Entrepreneurs Jamie Beaton and Jake Millar are set to join forces as Crimson Education acquires Unfiltered for an undisclosed sum.
The move will see both entrepreneurs, still in their 20s, operating under the Crimson umbrella, which last year claimed to be valued at around $332 million (US$240m) following a funding round.
Millar, who founded Unfiltered in 2015, will join the advisory board of Crimson and now work on a number of projects associated with developing what Unfiltered offers.
Unfiltered currently features a catalogue of 300 interviews with prominent business executives from around the world, including 42 founders of so-called unicorns (billion-dollar companies).
Millar says the purpose of Unfiltered was always to democratise access to the best business thinking and that Crimson acquisition will take this objective even further.
Crimson founder and chief executive Beaton says the aim now is to incorporate this content into Crimson's offering and thereby give students direct access to the insights of the various entrepreneurs featured.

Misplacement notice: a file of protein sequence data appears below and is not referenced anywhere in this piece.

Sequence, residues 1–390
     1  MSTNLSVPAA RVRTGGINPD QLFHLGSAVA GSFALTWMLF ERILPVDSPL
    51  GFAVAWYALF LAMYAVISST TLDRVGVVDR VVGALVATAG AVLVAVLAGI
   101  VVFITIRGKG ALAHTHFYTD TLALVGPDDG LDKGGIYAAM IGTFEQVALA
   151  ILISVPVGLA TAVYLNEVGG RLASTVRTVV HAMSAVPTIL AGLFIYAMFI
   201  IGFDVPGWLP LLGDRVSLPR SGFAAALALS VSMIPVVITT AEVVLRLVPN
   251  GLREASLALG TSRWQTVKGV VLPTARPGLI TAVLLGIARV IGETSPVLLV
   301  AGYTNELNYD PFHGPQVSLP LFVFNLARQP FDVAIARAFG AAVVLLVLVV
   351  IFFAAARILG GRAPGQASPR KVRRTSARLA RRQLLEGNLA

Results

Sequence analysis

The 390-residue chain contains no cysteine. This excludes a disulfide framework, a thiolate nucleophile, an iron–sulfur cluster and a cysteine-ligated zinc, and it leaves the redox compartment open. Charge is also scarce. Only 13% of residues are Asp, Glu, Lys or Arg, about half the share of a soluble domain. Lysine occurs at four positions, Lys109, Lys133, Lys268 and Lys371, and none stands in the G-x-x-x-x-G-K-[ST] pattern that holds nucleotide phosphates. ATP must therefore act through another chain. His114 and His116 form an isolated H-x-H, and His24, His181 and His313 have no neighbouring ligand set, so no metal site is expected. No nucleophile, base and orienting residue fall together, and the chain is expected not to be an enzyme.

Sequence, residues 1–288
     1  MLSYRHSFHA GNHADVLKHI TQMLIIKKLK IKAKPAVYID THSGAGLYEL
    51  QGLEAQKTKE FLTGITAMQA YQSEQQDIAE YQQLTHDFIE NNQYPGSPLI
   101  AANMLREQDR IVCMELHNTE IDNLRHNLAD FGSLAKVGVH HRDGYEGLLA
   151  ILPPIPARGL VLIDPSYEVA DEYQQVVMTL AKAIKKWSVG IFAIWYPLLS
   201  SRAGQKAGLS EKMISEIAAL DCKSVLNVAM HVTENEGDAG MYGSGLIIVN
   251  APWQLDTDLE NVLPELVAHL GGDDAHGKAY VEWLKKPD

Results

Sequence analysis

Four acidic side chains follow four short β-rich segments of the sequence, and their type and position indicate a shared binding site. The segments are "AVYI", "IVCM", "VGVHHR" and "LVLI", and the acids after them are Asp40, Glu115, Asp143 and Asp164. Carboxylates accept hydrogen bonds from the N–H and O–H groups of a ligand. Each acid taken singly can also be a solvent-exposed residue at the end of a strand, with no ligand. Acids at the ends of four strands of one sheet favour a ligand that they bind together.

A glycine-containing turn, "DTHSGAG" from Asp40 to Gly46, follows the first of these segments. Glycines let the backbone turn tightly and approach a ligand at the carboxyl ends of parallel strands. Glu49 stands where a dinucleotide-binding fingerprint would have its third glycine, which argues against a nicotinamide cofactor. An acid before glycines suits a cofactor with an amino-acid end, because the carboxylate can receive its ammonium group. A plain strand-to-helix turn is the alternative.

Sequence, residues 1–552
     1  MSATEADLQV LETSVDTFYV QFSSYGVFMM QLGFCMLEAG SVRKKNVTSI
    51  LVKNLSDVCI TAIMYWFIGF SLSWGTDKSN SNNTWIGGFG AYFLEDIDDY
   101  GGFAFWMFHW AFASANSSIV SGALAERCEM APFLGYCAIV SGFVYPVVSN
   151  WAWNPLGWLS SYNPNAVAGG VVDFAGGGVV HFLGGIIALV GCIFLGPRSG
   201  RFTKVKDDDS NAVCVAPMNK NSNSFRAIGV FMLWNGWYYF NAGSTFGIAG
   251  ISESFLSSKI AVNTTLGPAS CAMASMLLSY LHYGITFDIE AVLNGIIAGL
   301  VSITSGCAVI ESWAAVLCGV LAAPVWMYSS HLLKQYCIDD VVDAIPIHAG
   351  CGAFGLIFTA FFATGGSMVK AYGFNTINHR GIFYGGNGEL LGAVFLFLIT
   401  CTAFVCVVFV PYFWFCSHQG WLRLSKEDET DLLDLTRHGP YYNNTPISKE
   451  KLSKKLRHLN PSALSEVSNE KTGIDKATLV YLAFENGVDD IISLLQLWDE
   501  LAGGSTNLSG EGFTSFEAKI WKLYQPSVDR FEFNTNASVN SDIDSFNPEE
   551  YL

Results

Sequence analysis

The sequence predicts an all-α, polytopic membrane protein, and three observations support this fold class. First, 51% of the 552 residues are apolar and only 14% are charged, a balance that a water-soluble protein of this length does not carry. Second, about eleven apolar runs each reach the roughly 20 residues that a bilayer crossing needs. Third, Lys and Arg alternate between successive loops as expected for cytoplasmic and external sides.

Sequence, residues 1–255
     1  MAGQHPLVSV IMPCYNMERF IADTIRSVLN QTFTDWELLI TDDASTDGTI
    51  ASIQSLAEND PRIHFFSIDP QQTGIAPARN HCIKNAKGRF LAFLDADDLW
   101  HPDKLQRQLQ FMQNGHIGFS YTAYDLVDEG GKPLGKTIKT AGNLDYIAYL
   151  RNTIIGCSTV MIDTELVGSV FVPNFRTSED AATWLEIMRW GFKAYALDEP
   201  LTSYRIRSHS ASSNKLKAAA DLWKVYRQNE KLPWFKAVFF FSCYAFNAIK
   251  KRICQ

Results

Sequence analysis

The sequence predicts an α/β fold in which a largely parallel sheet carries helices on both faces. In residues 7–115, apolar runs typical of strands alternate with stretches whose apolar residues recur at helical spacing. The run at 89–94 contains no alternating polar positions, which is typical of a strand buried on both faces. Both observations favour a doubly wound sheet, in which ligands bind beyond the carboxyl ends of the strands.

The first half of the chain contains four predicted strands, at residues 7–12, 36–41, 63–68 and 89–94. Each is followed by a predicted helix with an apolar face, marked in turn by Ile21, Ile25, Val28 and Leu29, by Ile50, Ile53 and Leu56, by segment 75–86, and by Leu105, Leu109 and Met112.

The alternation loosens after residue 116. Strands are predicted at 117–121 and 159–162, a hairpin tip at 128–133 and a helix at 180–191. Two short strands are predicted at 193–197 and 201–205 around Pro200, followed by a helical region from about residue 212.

"What we're trying to do is systematically open up entrepreneurship as a channel around the world," says Beaton.
"This acquisition represents further development of the content we have to enable our learners."
The tech scene has in recent years seen the emergence of a number of platforms that offer access to expert knowledge from some of the best in their field – most notably the Masterclass series of online videos, which offer multi-lesson classes across a number disciplines.
Asked whether Crimson was looking to cast Unfiltered in the Masterclass light, Beaton drew a distinction between the two offerings.
"They [Masterclass] focus on a very broad range of experts, but Unfiltered has taken the approach of going deep on entrepreneurship, leadership and business," says Beaton.
"Masterclass does exceptional content across a wide range but the depth isn't there necessarily. It's more for the curious learner who might dabble in a few different hobbies, whereas Unfiltered is a heavy-duty push into entrepreneurship."
'You have to break a few eggs'
The acquisition comes amid some controversy for Crimson, with the prospect of a $10 million lawsuit hanging over the firm.